An information-theoretic model selection approach was applied [40]. Models with the predictor variables “early growth” (unit: mm yr-1), “EW” (east-west gradient), “NS” (north-south gradient), “elevation” (elevation; unit: m a.s.l.) and “slope” (slope steepness; unit: °) were fitted. The east-west gradient was derived as EW = sin(aspect/360×2π) with east-facing sites assuming a value of 1 and west-facing sites -1. The north-south gradient was derived as NS = cos(aspect/360×2π) with north-facing sites assuming a value of 1 and south-facing sites -1. All possible combinations of zero up to five variables resulted in 32 (25) models, which were compared using the AICc (Akaike Information Criterion correcting for small sample sizes; [39]): (2) where k is the number of parameters and n the number of observations. The models were ranked by increasing order of AICc, i.e. the model with the lowest AICc was deemed the best-fitting model across the 32 models. For each model, the Akaike weight was calculated, which is the relative likelihood of the model given the data [40]: (3) where is the AICc difference between model i and the model with the lowest AICc. The Akaike weight wi may be interpreted as the probability that model i is the best-fitting model within the selection of 32 models.

Because different combinations of fixed effects but with the same random effect (Eq 1) were compared, the models were fitted using maximum likelihood (ML; [40,41]). Since ML tends to underestimate variance components ( and σ2 in Eq 1; [39]), the best-fitting model was finally estimated using restricted maximum likelihood (REML; [40,41]).

The data analysis was conducted using the R software (version 3.0.2; [42]). Model fitting and selection were based on the R packages “lme4”, “lmerTest” and “MuMIn”; the figures were generated using the “ggplot2” package.

Ethics statement and data availability

This research was conducted in the SNP, a strictly protected wilderness. Permission for field sampling was obtained from the Park management and the Research Committee of the SNP. The tree-ring chronology is publicly available from the International Tree-Ring Data Bank (dataset “SWIT283”, Swiss National Park, Grisons, Switzerland; http://www.ncdc.noaa.gov/paleo/study/16844). Data related to the individual trees are deposited in the public Dryad Digital Repository (doi:10.5061/dryad.d2680). Interpolated HISTALP climate data are available from the Department of Climate Research within the Central Institute for Meteorology and Geodynamics in Vienna, Austria (http://www.zamg.ac.at/histalp).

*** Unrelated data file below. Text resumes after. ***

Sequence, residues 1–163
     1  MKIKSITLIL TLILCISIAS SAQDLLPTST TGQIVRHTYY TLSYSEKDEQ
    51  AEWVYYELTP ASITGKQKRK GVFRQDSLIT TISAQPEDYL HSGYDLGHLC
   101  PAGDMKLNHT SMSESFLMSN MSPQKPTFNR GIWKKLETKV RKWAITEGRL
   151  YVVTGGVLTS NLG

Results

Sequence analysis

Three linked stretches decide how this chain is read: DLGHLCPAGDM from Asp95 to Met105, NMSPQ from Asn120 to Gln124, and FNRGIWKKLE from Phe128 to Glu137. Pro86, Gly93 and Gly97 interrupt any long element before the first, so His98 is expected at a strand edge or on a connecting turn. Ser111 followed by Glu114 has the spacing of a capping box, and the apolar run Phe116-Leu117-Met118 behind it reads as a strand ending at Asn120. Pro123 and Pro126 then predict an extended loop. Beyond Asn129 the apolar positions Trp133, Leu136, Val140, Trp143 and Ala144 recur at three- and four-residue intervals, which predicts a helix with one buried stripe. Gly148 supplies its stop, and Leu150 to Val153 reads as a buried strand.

Results

The dead mountain pines in the SNP with a tree size of ≥ 10 cm DBH reached lifespans of 55 to 324 years, with 19% of the sampled tree population getting older than 200 years (Fig 1). Almost 22% of the trees measured > 20 cm DBHib and ca. 6% measured > 25 cm DBHib (maximum 30.9 cm). While mountain pines with the highest early growth (> 1.5 mm yr-1) tended to show continuously decreasing growth rates with increasing age (Fig 1A), many trees with the lowest early growth (< 0.5 mm yr-1) experienced abrupt growth releases following a 50- to 150-year period of slow growth (Fig 1F). In general, growth rates over the first few decades of a tree’s life were a strong determinant of tree size (DBHib) at the time of tree death and of lifespan (Fig 1).

thumbnail
Fig 1. Development of tree size with age.

Tree size is represented by DBHib (diameter at breast height inside bark); the color gradient indicates the lifespan of the mountain pines. Trees were assigned to classes of early growth (mean ring width over the first 50 years): (a) > 1.5 mm yr-1 (n = 7 trees); (b) 1.25–1.5 mm yr-1 (n = 8 trees); (c) 1.0–1.25 mm yr-1 (n = 27 trees); (d) 0.75–1.0 mm yr-1 (n = 54 trees); (e) 0.5–0.75 mm yr-1 (n = 46 trees); (f) <0.5 mm yr-1 (n = 18 trees).

https://doi.org/10.1371/journal.pone.0150402.g001